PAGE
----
A career of ‘firsts’ for Sheryl Ely

Larry Van GuilderOur Town Leaders

The chief executive, especially a new one, is well served when surrounded by accomplished professionals. Former Knoxville Mayor Madeline Rogero recognized the talents of Sheryl Ely, promoting her to direct Parks and Recreation, and now Mayor Indya Kincannon benefits from Rogero’s judgment.

Ely has been part of the city government for 4 1/2 years and in charge of Parks and Recreation for 2 1/2 years. Those years are distinguished by a couple of “firsts:” The first African American female to serve as deputy director of Public Service, her first position with the city, and the first female Parks and Recreation director.

Before joining Knoxville city government Ely was a senior planner for the city of Oak Ridge. She worked as a community planner and later as a regional planning director, “from Tellico to Jellico,” over a 10-year span for the state of Tennessee. Ely was the first African American female local planning office director for the state.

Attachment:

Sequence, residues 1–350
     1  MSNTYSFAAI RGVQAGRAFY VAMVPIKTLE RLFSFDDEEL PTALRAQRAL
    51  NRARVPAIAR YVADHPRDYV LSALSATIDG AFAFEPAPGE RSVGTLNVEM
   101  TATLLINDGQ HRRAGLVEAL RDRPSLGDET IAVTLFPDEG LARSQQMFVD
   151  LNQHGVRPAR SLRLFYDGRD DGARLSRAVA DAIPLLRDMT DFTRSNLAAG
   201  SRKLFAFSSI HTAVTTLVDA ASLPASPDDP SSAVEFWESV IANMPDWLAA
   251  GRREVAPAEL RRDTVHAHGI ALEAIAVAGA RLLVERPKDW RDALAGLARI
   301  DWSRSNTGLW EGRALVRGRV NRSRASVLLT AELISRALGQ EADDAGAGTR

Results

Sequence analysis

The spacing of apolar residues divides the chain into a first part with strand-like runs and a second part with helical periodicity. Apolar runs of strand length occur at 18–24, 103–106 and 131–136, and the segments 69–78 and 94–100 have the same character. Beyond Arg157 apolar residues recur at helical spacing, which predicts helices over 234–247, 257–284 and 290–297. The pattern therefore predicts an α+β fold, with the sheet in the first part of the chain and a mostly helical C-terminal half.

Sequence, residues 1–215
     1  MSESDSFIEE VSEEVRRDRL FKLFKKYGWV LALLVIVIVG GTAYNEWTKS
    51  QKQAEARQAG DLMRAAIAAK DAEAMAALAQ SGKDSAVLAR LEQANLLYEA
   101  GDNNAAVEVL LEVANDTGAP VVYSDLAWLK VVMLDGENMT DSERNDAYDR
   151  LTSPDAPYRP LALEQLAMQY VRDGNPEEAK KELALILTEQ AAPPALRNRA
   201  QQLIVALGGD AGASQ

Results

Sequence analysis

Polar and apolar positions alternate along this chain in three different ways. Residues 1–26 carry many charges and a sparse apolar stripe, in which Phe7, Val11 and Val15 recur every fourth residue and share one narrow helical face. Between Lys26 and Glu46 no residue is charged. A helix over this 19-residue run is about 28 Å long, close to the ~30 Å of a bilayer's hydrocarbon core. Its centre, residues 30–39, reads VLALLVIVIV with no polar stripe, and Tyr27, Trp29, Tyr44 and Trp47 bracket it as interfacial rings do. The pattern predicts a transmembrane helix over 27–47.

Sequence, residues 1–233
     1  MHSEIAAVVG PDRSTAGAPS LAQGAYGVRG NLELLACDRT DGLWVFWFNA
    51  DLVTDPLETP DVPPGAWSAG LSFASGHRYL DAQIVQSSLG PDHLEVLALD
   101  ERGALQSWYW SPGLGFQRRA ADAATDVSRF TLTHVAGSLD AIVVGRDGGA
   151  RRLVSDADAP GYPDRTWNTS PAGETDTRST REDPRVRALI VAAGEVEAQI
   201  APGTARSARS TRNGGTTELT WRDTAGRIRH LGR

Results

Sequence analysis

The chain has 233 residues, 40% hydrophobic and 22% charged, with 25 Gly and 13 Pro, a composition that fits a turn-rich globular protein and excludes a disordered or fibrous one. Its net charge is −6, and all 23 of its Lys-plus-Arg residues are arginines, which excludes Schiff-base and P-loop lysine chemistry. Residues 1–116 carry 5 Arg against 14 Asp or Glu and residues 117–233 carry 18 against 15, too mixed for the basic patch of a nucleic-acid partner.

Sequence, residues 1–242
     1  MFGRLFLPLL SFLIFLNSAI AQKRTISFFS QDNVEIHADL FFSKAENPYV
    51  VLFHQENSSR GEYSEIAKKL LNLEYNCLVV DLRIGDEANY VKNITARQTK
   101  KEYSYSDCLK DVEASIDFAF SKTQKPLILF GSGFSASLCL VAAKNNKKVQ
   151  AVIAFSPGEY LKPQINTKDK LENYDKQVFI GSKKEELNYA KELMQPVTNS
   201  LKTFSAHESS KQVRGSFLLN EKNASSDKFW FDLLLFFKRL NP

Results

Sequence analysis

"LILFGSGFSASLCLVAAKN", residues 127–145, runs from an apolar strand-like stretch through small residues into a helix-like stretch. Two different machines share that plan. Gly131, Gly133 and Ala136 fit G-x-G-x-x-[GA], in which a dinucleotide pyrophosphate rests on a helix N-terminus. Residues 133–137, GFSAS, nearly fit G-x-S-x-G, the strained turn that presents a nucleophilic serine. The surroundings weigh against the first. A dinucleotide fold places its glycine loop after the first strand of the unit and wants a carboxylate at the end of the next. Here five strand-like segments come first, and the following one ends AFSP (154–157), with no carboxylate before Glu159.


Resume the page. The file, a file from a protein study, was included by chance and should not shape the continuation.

Sandwiched between her positions with Oak Ridge and the state was a two-year stint with the Knox County Health Department where she put to work her bachelor’s degree in community health education from the University of North Carolina at Greensboro. Ely has also earned a master’s degree in urban and regional planning from the University of Tennessee.

Parks and Recreation currently employs 54 full-time workers and “hundreds more” during the outdoor recreation seasons. The city has 94 parks, plus recreation and senior centers. Every facility, Ely says, gives kids and adults the opportunity for recreation and increased wellness.

Working together with communities is important, she says. Residents involved in plans early on are more likely to support the department’s projects. Ely noted that Mayor Kincannon would like to see more community involvement.

Moving ahead, Ely expects to see more greenways and natural trails in the city. Her schedule also includes meeting with Knox County’s parks and recreation administrators nearly every month.

It’s fitting that during Black History Month we have the opportunity to introduce our readers to this distinguished African American professional, Sheryl Ely.

Larry Van Guilder is the business/government editor for KnoxTNToday.     

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